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1853 - Sarah Gifford, community leader and wife of Newhall's first railroad station agent, born in England [story]
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Planning to travel abroad this summer? Before you go, keep in mind that Medicare usually does not cover health care services or supplies while you’re traveling outside the United States.

That doesn’t mean you have to travel abroad without health coverage. Here are 3 ways you can get health coverage outside the U.S.:

1. If you have a Medicare Supplement Insurance (Medigap) policy, check your policy to see if it includes coverage when traveling outside the U.S.

2. If you have Medicare Advantage or another Medicare health plan (instead of Original Medicare), check with your plan to see if it offers coverage outside the U.S.

3. Consider buying a travel insurance policy that includes health coverage.

In some cases, Medicare may cover medically necessary health care services you get on board a ship within the territorial waters adjoining land areas of the U.S. Medicare won’t pay for health care services you get when a ship is more than 6 hours away from a U.S. port.

Medicare also may pay for inpatient hospital, doctor, ambulance services, or dialysis you get in a foreign country in these rare cases:

* You’re in the U.S. when a medical emergency occurs, and the foreign hospital is closer than the nearest U.S. hospital that can treat your medical condition.

* You’re traveling through Canada without unreasonable delay by the most direct route between Alaska and another state when a medical emergency occurs, and the Canadian hospital is closer than the nearest U.S. hospital that can treat the emergency.

* You live in the U.S. and the foreign hospital is closer to your home than the nearest U.S. hospital that can treat your medical condition, regardless of whether an emergency exists.

Medicare drug plans (Part D) don’t cover prescription drugs you buy outside the U.S.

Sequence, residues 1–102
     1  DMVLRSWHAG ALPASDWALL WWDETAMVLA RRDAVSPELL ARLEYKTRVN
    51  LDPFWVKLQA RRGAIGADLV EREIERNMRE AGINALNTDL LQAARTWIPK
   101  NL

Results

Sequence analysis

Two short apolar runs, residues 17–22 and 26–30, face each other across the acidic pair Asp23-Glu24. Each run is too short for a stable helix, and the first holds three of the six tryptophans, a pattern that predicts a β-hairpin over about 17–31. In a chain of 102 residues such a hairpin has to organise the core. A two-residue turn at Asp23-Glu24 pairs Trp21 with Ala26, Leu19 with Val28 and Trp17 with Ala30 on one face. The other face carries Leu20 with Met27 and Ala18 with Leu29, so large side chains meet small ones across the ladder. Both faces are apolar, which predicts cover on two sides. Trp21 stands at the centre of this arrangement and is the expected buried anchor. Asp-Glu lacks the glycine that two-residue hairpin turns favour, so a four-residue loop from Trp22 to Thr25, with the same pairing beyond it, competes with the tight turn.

If you get sick or injured while abroad, in most cases you’ll pay 100 percent of the costs. In the situations described above, you pay 20% of the Medicare-approved amount, and the Part B deductible applies.

In the situations above, Medicare pays only for services covered under Original Medicare:

* Medicare Part A (Hospital Insurance) covers hospital care (care you get when you’ve been formally admitted with a doctor’s order to the foreign hospital as an inpatient).

* Part B covers emergency and non-emergency ambulance and doctor services you get immediately before and during your covered foreign inpatient hospital stay. Medicare generally won’t pay for services (like return ambulance trips home) in either of these cases:

— Medicare didn’t cover your hospital stay.

— You got ambulance and doctor services outside the hospital after your covered hospital stay ended.

* You pay the part of the charge you would normally pay for covered services. This includes any medically necessary doctor and ambulance services you get in a foreign country as part of a covered inpatient hospital stay. You also pay the coinsurance , copayments, and deductibles you’d normally pay if you got these same services or supplies inside the U.S.

The 50 states, the District of Columbia, Puerto Rico, the U.S. Virgin Islands, Guam, the Northern Mariana Islands, and American Samoa are considered part of the United States.

Foreign hospitals aren’t required to file Medicare claims for your medical costs. You need to submit an itemized bill to Medicare for your doctor, inpatient, and ambulance services if both of these apply:

* You’re admitted to a foreign hospital under one of the situations above.

* The foreign hospital doesn’t submit Medicare claims for you.

Safe travels!

 

Greg Dill is Medicare’s regional administrator for Arizona, California, Nevada, Hawaii, and the Pacific Territories. You can get answers to your Medicare questions by visiting www.Medicare.gov or calling 1-800-MEDICARE (1-800-633-4227).

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1 Comment

  1. David Rickmers says:

    Most foreign countries don’t make people pay for healthcare like we do. No need for insurance.

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